"On 14 April 1937, the BBC studios at Alexandra Palace played host to the first television demonstration of snooker, an exhibition of play by Horace Lindrum and Willie Smith. The programme lasted 10 minutes, whereupon it made way for Daffodils (“a display of various types of daffodils from the Daffodil Show” — Radio Times). Another couple of months down the line, and the BBC were off to Wimbledon for the first time. And then, on Thursday 16 September, it was the turn of football, and the world’s first live televised match.
"The game had admittedly limited appeal — George Allison’s Arsenal were taking on Arsenal reserves at Highbury — but then only a few hundred houses close to Ally Pally in north London could receive BBC pictures anyway. Arsenal were the natural choice for the BBC’s experiment anyway: Highbury was the closest ground to Ally Pally and had a bespoke gantry for telly cameras in its fancy new East Stand."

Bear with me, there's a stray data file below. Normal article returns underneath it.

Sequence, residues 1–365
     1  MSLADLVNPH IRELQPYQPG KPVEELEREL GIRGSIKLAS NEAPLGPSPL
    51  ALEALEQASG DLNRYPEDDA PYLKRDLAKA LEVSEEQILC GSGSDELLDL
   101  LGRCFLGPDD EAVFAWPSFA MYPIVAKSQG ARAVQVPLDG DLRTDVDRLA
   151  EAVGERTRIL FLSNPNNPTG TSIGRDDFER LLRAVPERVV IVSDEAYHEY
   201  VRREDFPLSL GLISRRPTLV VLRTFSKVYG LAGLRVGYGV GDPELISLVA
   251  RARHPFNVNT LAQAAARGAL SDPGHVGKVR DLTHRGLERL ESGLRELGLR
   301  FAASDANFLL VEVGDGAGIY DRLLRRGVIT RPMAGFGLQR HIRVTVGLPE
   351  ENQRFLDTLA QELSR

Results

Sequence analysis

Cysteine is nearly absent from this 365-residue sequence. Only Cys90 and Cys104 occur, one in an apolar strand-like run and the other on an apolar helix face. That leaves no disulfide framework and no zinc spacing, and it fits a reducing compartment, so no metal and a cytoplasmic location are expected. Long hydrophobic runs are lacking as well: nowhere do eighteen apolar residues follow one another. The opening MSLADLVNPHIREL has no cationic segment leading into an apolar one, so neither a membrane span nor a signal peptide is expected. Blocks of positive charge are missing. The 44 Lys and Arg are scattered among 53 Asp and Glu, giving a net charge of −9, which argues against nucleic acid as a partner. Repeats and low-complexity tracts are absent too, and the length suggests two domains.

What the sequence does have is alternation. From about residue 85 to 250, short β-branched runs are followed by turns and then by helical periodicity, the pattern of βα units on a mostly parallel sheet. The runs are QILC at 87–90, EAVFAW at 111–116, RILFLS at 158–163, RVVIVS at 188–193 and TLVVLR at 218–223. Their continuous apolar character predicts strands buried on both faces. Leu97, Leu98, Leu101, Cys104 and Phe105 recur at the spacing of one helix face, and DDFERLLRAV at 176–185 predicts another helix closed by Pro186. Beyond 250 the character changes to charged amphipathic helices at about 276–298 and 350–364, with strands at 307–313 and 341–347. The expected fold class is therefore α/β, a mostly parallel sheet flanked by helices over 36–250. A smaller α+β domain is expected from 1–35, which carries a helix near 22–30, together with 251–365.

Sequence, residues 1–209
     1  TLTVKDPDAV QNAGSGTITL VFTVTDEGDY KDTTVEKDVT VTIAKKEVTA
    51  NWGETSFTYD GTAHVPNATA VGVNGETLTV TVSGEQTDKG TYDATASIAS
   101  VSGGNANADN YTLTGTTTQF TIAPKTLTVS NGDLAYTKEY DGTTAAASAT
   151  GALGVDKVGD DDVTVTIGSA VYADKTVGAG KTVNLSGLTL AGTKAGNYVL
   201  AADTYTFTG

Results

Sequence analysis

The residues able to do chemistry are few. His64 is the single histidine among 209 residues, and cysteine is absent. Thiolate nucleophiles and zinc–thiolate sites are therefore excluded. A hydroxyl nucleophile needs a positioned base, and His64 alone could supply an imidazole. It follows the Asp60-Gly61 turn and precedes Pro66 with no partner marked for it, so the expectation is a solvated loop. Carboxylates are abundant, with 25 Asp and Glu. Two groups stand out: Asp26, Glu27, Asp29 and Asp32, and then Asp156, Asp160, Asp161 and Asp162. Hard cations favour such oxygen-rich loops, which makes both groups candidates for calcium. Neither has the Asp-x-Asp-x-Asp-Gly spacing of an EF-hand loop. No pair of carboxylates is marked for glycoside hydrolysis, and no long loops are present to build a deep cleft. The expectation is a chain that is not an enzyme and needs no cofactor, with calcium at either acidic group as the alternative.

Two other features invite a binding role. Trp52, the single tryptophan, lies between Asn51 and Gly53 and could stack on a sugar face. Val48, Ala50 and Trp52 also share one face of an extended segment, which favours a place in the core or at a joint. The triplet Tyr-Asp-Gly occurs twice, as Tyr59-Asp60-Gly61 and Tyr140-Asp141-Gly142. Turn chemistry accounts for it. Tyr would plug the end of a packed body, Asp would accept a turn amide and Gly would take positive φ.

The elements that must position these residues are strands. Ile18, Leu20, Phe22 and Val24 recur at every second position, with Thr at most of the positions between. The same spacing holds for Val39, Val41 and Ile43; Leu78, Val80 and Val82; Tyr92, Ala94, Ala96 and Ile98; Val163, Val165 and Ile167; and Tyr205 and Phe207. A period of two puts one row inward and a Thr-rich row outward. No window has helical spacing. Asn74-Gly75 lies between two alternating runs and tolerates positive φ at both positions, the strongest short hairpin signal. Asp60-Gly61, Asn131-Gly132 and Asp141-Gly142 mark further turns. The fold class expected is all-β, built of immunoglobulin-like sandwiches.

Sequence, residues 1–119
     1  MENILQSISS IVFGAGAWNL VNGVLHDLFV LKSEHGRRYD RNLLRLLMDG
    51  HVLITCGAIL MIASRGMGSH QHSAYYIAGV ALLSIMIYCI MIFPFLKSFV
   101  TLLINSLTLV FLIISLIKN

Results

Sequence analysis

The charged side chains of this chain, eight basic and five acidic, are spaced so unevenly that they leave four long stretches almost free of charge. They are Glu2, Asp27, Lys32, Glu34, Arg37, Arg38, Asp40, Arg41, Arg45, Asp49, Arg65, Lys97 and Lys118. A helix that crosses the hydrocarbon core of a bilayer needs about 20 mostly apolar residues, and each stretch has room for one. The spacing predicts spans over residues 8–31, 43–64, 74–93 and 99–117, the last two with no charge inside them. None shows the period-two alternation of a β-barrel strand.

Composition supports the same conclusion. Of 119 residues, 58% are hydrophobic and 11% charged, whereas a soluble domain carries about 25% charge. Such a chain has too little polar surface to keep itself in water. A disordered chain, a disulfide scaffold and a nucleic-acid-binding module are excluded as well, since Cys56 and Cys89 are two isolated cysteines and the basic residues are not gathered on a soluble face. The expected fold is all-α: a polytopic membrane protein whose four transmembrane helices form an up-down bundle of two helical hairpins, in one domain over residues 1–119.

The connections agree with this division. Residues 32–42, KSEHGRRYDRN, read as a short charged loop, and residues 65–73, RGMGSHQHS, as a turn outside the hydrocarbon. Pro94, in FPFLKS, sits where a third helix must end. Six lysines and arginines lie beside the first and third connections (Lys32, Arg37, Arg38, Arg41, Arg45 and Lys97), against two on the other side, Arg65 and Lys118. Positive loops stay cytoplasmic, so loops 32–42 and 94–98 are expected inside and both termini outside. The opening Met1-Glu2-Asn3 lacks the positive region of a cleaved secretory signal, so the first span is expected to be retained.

Episode Eighty Seven of the Blizzard Podcast looks back at 'Football on TV' by Scott Murray, our Eight Bells feature from Issue Eight, originally published in June 2013. It looks back on 8 key moments in the history of televised football, from the first broadcasts in the 1930s to bigger nationwide changes in later decades, via pay-tv and a little bit of controversy along the way.
Read the full article here